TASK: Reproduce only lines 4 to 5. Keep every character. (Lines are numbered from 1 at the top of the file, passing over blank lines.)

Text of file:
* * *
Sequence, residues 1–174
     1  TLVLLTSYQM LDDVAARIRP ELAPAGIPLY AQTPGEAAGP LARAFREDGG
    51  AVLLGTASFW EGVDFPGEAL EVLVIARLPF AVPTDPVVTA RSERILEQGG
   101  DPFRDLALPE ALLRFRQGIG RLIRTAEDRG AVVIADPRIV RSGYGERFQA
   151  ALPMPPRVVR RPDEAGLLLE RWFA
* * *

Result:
   101  DPFRDLALPE ALLRFRQGIG RLIRTAEDRG AVVIADPRIV RSGYGERFQA
   151  ALPMPPRVVR RPDEAGLLLE RWFA